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After Tremendous Loss, Hometown Hero Inspires Others

NORWOOD, Mo. -- Seeing images and describing them is a big accomplishment for 60-year-old Nancy Littrell, woman who lived an active life with her husband, David, of nearly four decades.
NORWOOD, Mo. -- Seeing images and describing them is a big accomplishment for 60-year-old Nancy Littrell, woman who lived an active life with her husband, David, of nearly four decades.

“My husband and I loved traveling,” says Nancy. “We loved hiking, camping, four wheeling, jeeping, crusing, you know, we just had a lot of fun.”

But on their way to a camping trip in 2011 their lives came to a crashing standstill.

“In 2011 my husband and I were in a car accident,” says Nancy. “He was killed and I was left very seriously damaged.”

Nancy was left with a traumatic brain injury and was rushed to Mercy Hospital in Springfield.

When she came out of unconsciousness, she couldn't swallow, talk or walk and couldn’t' convey how she felt.

“I knew I was in the hospital and I knew something was very wrong because my husband was not at my side,” says Nancy.

The reality quickly set in and so did her determination to get her independence back.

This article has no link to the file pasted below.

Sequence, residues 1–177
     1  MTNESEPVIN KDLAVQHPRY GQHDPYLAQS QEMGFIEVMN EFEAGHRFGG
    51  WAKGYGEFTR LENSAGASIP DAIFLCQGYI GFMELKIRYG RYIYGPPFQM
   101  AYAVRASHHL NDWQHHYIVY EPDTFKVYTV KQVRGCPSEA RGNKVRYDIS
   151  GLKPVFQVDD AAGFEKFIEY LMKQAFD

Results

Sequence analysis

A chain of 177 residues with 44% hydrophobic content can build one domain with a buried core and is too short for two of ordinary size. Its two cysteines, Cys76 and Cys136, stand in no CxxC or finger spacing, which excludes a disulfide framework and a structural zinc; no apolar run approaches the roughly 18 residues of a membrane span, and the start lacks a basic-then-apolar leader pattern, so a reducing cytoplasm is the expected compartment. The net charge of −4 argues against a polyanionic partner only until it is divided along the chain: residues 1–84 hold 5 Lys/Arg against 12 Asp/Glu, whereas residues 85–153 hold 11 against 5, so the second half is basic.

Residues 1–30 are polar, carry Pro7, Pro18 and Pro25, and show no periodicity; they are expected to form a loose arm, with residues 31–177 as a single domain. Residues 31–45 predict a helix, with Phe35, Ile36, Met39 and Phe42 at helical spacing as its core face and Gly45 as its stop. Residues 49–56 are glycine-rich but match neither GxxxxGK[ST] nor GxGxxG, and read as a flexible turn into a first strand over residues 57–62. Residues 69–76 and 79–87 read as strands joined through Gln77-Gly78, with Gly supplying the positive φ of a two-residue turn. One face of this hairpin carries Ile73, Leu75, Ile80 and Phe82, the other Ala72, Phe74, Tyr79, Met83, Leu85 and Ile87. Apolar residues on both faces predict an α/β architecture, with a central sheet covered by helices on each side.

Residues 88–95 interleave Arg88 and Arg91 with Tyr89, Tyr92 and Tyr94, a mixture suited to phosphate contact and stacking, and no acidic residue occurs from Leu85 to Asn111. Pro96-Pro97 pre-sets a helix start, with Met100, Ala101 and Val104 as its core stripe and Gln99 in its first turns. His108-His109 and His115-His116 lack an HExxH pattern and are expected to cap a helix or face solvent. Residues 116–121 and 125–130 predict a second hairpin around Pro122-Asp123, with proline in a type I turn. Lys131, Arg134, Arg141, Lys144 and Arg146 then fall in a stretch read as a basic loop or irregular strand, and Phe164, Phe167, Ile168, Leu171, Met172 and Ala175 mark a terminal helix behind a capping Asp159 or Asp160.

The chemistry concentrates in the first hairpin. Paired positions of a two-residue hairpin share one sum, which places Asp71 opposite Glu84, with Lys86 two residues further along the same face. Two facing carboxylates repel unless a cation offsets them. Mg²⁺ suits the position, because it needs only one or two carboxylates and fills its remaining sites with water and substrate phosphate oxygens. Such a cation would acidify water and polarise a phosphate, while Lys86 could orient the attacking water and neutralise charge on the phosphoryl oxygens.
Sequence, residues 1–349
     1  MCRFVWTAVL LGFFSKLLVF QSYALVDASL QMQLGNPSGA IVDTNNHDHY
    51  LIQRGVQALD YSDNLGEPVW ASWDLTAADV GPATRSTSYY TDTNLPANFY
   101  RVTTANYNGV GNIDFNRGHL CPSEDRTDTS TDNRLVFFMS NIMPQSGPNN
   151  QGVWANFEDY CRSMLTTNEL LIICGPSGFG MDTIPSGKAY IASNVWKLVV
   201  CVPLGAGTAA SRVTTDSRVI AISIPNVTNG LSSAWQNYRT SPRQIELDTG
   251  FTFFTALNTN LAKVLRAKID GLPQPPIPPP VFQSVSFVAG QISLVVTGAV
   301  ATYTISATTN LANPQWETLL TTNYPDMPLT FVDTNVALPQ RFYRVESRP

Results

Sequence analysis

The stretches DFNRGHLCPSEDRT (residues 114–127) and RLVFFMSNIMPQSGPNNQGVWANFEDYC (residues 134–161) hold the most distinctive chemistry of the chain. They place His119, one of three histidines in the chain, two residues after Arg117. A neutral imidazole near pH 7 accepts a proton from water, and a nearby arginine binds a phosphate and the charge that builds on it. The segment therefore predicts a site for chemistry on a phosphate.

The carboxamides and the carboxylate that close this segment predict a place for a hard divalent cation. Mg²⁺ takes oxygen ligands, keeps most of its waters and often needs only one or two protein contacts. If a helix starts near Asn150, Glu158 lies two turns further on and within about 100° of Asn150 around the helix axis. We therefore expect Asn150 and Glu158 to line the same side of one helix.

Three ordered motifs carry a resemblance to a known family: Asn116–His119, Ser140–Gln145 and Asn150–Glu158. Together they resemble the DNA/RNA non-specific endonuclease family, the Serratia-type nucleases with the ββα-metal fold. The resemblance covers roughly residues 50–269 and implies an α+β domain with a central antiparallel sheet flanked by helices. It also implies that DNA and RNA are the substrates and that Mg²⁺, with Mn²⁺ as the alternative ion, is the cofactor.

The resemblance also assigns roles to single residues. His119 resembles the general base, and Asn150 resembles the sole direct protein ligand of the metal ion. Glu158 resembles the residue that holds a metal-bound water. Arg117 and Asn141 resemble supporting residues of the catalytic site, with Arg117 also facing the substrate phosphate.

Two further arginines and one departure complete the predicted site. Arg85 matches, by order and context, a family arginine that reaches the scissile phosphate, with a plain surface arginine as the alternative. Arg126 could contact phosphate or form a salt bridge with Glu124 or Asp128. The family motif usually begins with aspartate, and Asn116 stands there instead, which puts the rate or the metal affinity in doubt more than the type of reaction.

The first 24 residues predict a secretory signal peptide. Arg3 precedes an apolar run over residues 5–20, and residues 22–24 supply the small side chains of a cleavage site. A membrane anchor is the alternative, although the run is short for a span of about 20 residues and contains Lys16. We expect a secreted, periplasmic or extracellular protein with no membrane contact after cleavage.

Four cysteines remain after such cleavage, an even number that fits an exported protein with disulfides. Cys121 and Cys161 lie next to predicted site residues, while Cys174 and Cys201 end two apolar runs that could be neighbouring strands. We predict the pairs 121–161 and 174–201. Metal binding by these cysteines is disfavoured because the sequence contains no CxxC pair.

“I’m not staying in this place in my body,” says Nancy. “I will work as hard as I can, as long as I can, to get as much as I can from my body.”

One of the first things Nancy saw when she came into the rehabilitation gym was a car. She hated it, but it turned out to be a crucial part of her recovery.

“I am one tough broad,” says Nancy. “But I have a tougher God.”

That became her motto.

Her faith, family, friends and the hospital staff were her support during her time in rehabilitation. She learned to talk, walk and drive again. She also learned to laugh

“Its a great feeling to see that someone has come so far and can regain that skill again and that independence,” says Mindy Smithwick, a Mercy occupational therapist.

Now, Nancy uses her regained speaking skills to inspire others. She encourages survivors who find themselves in this same situation to never give up.

“It’s rough,” says Nancy. “Your pain is yours and it reals… I’m no one special, but I want to be an encouragement enough for others to say go for it. Try and don't give up.”

And if David could see Nancy on the road to recovery?

“He would hug me and say keep it up,” says Nancy. “Try your hardest to keep it up.”

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